In Short

The Situation: On July 6, 2017, the European Court of Justice ruled that a Member State could not request reimbursement of aid that had been granted to an undertaking in compliance with the General Block Exemption Regulation solely because that undertaking later became the subject of collective insolvency proceedings.

The Result: This ruling clarifies the concepts of "undertaking in difficulty" and "collective insolvency proceedings" and their interplay with the old General Block Exemption Regulation.

Looking Ahead: This judgment has important practical consequences for future cases under the new General Block Exemption Regulation.

The notion of "undertaking in difficulty" is a key element in State aid law because undertakings in difficulty can receive State aid only under the restrictive conditions for so-called rescue and restructuring aid. Any other form of State aid is excluded, even when competing companies that are not in difficulty can receive such aid. Accordingly, the General Block Exemption Regulation (Regulation No 800/2008, "old GBER"), which sets out the conditions under which aid is deemed compatible with the internal market and can therefore benefit from an exemption from the obligation to notify, explicitly excludes undertakings in difficulty from its scope in Article 1(6)c. Other State aid instruments contain similar provisions, in particular the new General Block Exemption Regulation (Regulation No 651/2014, "new GBER") in Article 1(4)(c).

Therefore, Article 1(7)c of the old GBER states that a company that "fulfils the criteria under its domestic law for being the subject of collective insolvency proceedings" will be considered to be an undertaking in difficulty for the purposes of Article 1(6)c. The new GBER contains the same definition in Article 2(18)(c).

The Issue

In the case at hand, Nerea, an Italian small and medium-sized enterprise, had been granted aid in compliance with the old GBER. In 2012, Nerea received an advance and, in 2013, requested that the other half of the aid be settled. This demand was denied on the grounds that Nerea no longer satisfied the conditions for eligibility, as it had applied for the opening of an arrangement with creditors as a going concern, a request granted by a local Italian court.

The authorities argued that such an arrangement constituted a type of collective insolvency proceeding, which excluded Nerea from receiving financial assistance in accordance with Article 1(7)c of the old GBER. Thus, in 2015, the Regione Marche withdrew the aid granted and requested the reimbursement of the advance, plus interest. Nerea brought an action before the referring court, which decided to stay the proceedings and to refer two questions to the court for a preliminary ruling.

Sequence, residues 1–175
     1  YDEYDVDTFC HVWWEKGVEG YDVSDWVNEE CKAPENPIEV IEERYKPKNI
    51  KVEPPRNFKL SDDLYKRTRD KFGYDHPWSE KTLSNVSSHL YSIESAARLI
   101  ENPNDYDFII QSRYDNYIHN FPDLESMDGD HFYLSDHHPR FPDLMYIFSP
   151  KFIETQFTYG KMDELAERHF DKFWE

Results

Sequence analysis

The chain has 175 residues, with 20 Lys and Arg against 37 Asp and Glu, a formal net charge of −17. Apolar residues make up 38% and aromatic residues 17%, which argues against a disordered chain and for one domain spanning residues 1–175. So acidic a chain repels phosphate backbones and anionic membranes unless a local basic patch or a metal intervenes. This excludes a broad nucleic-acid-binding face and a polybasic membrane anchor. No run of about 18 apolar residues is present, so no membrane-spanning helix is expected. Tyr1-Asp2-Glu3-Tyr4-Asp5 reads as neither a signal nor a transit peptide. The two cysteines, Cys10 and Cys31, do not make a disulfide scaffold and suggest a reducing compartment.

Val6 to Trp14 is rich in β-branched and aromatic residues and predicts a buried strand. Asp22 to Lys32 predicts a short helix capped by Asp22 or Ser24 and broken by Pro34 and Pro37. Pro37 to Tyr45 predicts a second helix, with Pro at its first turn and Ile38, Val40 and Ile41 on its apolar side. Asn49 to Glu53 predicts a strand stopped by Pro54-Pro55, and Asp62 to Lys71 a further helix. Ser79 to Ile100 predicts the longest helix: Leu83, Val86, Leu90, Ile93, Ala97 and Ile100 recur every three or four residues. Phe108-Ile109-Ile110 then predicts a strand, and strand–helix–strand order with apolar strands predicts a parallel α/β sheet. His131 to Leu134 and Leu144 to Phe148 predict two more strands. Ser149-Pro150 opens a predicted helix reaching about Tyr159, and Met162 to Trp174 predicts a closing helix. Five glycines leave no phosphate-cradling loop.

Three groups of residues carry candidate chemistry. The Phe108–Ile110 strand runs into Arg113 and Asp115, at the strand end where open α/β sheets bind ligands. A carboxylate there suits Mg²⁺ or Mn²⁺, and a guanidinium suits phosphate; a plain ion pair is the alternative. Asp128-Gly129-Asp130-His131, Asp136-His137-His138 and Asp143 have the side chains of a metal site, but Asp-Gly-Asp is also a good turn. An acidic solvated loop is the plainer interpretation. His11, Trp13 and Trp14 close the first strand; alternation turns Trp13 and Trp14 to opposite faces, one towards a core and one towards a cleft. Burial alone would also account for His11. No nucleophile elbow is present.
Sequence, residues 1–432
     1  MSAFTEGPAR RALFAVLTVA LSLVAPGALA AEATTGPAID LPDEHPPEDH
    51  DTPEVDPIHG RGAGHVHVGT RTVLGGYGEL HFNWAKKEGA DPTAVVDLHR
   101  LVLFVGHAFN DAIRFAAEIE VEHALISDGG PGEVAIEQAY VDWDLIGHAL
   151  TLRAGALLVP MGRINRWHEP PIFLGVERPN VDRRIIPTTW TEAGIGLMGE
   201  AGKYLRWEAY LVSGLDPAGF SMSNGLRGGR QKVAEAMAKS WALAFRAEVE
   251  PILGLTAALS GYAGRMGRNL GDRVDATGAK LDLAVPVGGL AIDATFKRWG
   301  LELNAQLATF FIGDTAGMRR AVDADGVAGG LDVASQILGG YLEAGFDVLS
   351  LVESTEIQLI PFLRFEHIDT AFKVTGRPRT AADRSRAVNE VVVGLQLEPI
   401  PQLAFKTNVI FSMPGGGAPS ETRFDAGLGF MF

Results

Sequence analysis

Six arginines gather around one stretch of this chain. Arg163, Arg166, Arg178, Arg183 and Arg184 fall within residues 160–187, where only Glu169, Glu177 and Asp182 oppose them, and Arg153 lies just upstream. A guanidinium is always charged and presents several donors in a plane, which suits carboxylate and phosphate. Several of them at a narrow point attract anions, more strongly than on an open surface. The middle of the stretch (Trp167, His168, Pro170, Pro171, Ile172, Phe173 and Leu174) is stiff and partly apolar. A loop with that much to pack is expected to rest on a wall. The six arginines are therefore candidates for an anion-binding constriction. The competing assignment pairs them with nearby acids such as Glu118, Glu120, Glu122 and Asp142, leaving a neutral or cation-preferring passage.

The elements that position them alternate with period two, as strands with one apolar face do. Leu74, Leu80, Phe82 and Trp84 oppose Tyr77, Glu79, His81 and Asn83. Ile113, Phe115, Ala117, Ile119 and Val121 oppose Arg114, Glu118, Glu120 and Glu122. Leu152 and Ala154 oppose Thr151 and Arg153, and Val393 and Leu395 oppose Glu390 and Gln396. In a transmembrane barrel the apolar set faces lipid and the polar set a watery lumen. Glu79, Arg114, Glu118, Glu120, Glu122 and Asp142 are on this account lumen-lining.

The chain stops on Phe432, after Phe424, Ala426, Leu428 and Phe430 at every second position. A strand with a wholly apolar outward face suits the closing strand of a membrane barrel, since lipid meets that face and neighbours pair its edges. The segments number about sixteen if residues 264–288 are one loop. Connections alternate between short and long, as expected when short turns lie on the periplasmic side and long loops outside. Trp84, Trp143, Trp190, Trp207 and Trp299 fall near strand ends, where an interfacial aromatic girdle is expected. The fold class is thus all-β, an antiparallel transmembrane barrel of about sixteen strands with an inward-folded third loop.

The first question considered whether a procedure that was opened at the request of the economic operator could qualify as a "collective insolvency proceeding" under the old GBER. The second question pertained to the notion of "undertaking in difficulty" for the purposes of Article 1(6)c of the old GBER, and asked when that condition should be appraised for the granting of aid.

Both questions are also relevant for future cases under the new GBER.

The Outcome

Regarding the first question, the European Court of Justice ("ECJ") noted that Article 1(7)c of the old GBER refers to national law to determine the relevant conditions under which a company is subjected to collective insolvency proceedings. However, the ECJ insisted that there are no specific dispositions in the GBER to establish a distinction between procedures that are the result of a request from economic operators and those that economic operators are subjected to by the authorities of their Member State. Therefore, the ECJ concluded that the notion of "collective insolvency proceedings" covers all relevant procedures, regardless of where the initiative originated.

As to the second question, the ECJ asserted that even though the old GBER excludes firms in difficulty from its scope, this assessment must be conducted when the legal right to receive the aid is conferred on the beneficiary. The ECJ also stressed that, in practice, Member States do not have to appraise the financial situation of applicants but, simply, to refrain from granting assistance to those that are the object of collective insolvency proceedings at the moment when their eligibility is being considered.

In this case, if the referring court confirms that Nerea fulfilled the conditions of the old GBER when the aid was granted—meaning that it was not subjected to collective insolvency proceedings—then it should not be considered to be a firm in difficulty for the purposes of Article 1(6)c. Hence, even if Nerea has subsequently become a firm in difficulty, the aid that was given cannot be withdrawn solely on those grounds, and neither can the authorities demand the reimbursement of the advance.

Two Key Takeaways

  1. The notion of "undertaking in difficulty" follows national law: If an economic operator is the object of collective insolvency proceedings in its Member State, then it is considered to be an undertaking in difficulty for the purposes of European law.
  2. Undertakings in difficulty cannot receive any State aid other than rescue and restructuring aid. Whether or not an economic operator is to be considered as an undertaking in difficulty should be assessed when eligibility for State aid is considered. Later changes in the economic situation of the undertaking are irrelevant.